Natalie Babbitt takes a turn with The Exquisite Corpse Adventure and daffodils are involved.
Daily Archives: January 9, 2010
I was delighted to see Matt Phelan’s The Storm in the Barn win this year’s Scott O’Dell Award for historical fiction. Since historical fiction is of particular interest to me and since I was wowed by the book from the get go, I found J. Bell’s argument that it is not historical fiction most interesting. He concludes:
I see The Storm in the Barn as a fable that’s set in the Dust Bowl, just as Edward Eager’s Half Magic is a fantasy set in the 1920s. Both books are informed by their historical settings, but that doesn’t work the other way around: they don’t offer a reliable view into history.
I can’t agree. I felt the anguish and pain communicated in Phelan’s work was not unlike that in Karen Hesse’s Out of the Dust, the Newbery verse novel, also about the Dust Bowl. In Phelan’s case, he took historical material, vividly presenting the historic suffering, and then played with a fantasy resolution for the immediate situation confronting that community. I think Phelan does give a sense of what individuals and communities were dealing with at that time just as Hesse does in her book. The specific resolution is poignant since clearly there was no such thing in real life — something I an confident child readers would understand.
On the other hand, while Edgar Eager does indeed set his tale in the early years of the 20th century, I don’t see that as particularly significant as far as the story goes. And the going-back-in-time-adventure to that of Camelot seemed to me to be Eager playing with the child protagonists’ reading material, using some widely familiar tropes of readers at the era in which he was writing (1950s) to put the four siblings in perilous situations from which they need to extract themselves (as was the case with his inspiration, E. Nesbit’s Story of the Amulet). I remember reading this book over and over as a child and later aloud to my classes as a young teacher — never did I consider the historical aspects of the adventures as they were not central to the theme of the book (arguably “be careful about what you wish for”).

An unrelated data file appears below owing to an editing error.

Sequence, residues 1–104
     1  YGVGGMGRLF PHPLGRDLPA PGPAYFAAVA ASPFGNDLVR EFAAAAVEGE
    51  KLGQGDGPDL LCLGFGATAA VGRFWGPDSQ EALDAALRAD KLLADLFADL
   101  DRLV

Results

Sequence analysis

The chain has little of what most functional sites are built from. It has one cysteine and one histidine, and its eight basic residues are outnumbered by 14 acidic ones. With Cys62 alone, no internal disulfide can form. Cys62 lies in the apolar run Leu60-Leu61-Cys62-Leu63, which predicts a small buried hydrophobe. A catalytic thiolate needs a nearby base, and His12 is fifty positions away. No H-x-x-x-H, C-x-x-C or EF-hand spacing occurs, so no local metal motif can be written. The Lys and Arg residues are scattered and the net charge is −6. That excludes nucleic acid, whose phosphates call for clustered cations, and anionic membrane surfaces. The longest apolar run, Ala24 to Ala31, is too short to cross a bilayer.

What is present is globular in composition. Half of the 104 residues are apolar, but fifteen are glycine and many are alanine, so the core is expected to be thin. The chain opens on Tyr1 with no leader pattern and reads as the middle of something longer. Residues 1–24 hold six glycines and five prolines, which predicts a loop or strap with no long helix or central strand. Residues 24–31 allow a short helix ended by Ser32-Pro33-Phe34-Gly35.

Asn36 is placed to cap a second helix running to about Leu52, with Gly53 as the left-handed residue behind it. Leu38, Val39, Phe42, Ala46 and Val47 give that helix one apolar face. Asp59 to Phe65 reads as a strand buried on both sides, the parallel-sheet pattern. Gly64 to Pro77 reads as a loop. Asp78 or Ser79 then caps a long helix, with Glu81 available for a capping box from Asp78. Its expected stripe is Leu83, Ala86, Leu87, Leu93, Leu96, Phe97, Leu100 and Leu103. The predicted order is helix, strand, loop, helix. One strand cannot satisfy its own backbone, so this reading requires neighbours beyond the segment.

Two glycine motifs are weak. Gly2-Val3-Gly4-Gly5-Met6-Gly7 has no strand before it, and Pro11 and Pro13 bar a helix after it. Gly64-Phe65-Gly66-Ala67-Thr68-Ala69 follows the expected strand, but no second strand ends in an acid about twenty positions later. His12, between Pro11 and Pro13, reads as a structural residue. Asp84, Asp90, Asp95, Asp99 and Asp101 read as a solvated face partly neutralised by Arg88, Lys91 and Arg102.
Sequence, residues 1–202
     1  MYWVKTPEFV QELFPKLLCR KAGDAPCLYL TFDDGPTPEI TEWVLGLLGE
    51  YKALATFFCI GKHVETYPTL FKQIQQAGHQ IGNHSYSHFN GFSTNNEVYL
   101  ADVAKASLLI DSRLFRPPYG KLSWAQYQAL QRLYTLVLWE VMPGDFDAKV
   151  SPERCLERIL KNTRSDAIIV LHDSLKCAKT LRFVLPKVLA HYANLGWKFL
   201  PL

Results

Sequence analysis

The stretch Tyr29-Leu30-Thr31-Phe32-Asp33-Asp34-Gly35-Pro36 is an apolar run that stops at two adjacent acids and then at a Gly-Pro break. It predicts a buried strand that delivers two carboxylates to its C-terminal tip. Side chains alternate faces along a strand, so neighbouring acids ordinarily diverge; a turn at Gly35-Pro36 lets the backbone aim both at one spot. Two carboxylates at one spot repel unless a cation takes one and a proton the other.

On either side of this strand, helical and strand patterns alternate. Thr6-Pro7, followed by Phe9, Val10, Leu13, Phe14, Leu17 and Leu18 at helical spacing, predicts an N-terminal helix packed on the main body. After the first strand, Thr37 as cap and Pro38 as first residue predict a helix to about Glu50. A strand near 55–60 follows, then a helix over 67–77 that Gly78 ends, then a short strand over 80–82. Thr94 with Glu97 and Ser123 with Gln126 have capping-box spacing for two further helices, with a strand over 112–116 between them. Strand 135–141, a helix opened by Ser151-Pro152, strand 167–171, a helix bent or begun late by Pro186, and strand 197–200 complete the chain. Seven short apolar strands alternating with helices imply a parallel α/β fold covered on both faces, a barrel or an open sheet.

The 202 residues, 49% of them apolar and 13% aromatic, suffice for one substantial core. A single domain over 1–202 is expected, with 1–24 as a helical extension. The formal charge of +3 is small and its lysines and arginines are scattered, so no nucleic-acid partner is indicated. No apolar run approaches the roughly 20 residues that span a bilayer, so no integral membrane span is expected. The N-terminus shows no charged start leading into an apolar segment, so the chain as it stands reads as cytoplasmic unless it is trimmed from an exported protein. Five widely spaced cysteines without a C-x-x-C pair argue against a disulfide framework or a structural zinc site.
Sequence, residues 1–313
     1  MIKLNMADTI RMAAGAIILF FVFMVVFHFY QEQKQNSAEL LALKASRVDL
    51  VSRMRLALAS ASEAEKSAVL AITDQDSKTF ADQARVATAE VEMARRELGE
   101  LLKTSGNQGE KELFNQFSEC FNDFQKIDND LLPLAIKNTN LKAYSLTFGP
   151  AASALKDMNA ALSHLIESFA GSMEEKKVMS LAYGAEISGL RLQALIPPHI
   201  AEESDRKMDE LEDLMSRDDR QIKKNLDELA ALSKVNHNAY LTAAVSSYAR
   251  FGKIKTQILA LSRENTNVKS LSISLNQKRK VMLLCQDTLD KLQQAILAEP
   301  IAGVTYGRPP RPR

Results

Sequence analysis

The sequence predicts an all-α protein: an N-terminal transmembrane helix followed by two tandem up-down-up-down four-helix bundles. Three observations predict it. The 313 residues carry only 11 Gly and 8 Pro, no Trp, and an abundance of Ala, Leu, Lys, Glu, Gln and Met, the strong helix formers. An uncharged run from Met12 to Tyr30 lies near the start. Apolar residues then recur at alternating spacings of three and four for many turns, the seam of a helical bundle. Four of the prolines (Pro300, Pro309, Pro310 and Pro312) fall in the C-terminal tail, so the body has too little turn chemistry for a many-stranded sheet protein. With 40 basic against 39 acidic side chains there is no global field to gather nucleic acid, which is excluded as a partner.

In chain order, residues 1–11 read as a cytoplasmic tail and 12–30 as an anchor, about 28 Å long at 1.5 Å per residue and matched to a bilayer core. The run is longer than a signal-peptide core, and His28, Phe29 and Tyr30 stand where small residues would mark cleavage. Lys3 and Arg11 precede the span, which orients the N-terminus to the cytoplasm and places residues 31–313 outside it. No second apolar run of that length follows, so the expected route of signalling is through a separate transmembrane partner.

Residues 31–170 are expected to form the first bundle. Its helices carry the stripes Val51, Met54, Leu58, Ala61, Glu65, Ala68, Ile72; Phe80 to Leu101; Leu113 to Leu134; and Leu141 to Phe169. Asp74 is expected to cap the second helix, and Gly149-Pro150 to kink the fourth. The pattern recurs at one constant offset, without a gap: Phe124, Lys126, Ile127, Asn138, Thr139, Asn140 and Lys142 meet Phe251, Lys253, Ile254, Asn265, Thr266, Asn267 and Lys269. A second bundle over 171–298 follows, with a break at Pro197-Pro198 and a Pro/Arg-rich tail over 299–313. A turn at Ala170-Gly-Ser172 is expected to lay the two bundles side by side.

As for me, a fable points to a specific moralistic message and I don’t get that with Phelan’s story. That is, I don’t see it as a cautionary tale, pointing out things we today could do to avoid what happened in the thirties. Rather I see it very much as historic, giving us a sense of the feeling of that time for one child, one family, one community.
It seems to me that there is a very long continuum as to what is historical fiction. At one end is the book I’m working on, about a child on the Amistad. In order to make it more accessible to child readers I went from telling the story as nonfiction to fiction; however, it is mostly based on the facts of the time and event. It is in first person with emotions and scenes that I made up. So it is pretty close, as close as I could make it, based on fact throughout. At the other end of the continuum there are works like Eager’s where the history is background and serving the tale not vice versa. And in the middle, veering more to one end or the other, are works like The Storm in the Barn, groundbreaking ones that open the way for more innovative presentations of historical times and places.